3. Focus on meeting needs rather than controlling behavior: Abandon questions about how to control students’ behavior and ask the more fundamental questions about how to help students and faculty tap into the five basic human motivators. When these needs are met, school experiences “feel good:” At faculty meetings, discuss possibilities for meeting these needs. Relate the eagerness students feel for athletics, drama, art, or other absorbing activities to the academic curriculum. Why are they excited to learn and work hard in some areas but not in others? These and other questions have no simple answers. But there are answers, and with commitment, they can be applied to other areas, academic and otherwise.

William Glasser: Quality School

In the book Quality School: Managing Students without Coercion, Glasser extended his ideas on enhancing students’ sense of involvement and empowerment. When describing why educators see relatively high rates of off-task behavior in schools, Glasser noted:
For workers, including students, to do quality work, they must be managed in a way that convinces them that the work they are asked to do satisfies their needs. The more it does, the harder they will work.
Instead, teachers are required to stuff students with fragments of measurable knowledge as if the students had no needs—almost as if they were things. . . .
Because this low-quality, standardized, fragmented approach is so unsatisfying to students (and teachers), more and more students are actively resisting and this resistance is seen as a discipline problem.
Criteria for a Quality School
1. Relationships are based upon trust and respect, and all discipline problems, not incidents, have been eliminated.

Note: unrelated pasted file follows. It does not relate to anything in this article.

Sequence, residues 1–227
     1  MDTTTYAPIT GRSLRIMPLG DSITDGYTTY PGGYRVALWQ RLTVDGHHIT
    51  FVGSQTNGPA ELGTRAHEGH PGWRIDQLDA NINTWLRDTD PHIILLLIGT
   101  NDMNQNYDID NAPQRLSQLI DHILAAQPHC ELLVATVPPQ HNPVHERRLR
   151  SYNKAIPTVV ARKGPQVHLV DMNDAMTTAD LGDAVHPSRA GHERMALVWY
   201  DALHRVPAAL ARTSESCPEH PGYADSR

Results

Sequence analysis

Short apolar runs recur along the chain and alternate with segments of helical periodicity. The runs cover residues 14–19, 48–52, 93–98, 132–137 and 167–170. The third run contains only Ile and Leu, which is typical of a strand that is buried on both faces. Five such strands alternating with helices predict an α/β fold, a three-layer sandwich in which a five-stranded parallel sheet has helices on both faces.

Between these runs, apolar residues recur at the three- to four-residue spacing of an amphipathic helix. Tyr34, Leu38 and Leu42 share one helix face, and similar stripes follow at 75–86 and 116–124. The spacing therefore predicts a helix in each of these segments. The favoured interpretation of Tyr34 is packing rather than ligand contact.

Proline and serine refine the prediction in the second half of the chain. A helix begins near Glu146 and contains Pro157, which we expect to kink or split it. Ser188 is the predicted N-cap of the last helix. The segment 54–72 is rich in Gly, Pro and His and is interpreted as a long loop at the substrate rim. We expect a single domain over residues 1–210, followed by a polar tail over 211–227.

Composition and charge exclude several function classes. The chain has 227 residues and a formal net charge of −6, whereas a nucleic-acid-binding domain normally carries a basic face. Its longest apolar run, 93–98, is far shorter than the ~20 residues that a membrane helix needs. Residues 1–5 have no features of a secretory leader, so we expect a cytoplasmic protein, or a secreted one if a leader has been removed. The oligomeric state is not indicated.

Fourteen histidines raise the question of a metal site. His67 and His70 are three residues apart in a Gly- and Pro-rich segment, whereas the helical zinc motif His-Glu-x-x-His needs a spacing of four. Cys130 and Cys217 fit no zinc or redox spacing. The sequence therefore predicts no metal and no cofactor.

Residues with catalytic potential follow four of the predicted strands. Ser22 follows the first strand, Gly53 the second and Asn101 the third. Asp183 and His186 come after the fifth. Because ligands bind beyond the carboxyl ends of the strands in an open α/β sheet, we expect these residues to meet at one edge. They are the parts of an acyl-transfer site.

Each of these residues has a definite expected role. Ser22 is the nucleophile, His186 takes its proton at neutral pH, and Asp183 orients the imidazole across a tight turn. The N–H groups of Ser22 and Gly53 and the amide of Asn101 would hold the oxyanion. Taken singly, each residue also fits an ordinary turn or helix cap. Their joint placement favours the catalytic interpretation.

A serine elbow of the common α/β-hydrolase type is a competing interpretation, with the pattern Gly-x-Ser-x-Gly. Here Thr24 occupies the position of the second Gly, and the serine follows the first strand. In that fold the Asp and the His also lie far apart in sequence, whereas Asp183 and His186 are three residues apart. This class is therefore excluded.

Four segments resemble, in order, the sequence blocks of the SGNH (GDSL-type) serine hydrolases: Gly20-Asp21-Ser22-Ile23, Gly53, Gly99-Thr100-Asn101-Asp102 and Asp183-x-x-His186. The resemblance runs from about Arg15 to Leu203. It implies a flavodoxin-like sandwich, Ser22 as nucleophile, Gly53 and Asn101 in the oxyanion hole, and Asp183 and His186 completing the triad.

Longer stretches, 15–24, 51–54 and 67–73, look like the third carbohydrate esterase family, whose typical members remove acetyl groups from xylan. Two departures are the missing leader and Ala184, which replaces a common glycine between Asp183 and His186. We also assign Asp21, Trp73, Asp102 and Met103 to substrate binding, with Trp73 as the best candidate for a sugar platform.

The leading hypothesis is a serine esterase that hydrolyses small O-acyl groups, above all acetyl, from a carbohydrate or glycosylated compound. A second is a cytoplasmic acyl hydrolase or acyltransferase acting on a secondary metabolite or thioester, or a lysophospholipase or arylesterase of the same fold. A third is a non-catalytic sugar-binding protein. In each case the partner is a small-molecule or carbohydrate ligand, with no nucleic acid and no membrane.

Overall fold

2. Total Learning Competency is stressed and an evaluation that is below competence or what is now a "B" has been eliminated. All schooling as defined by Dr. William Glasser has been replaced by useful education.
3. All students do some Quality Work each year that is significantly beyond competence. All such work receives an "A" grade or higher, such as an "A+".
4. Students and staff are taught to use Choice Theory in their lives and in their work in school. Parents are encouraged to participate in study groups to become familiar with the ideas of Dr. William Glasser.
5. Students do better on state proficiency tests and college entrance examinations. The importance of these tests is emphasized in the school.
6. Staff, students, parents and administrators view the school as a joyful place.

by Aiman Bayoumi

Work Cited

The William Glasser Institute

The International Child & Youth Care Network

Comprehensive Classroom Management: Creating Communities of Support and Solving Problems, 9th Edition. Allyn & Bacon

Quality School: Managing Students without Coercion. William Glasser. Harper and Row Publishers, 1990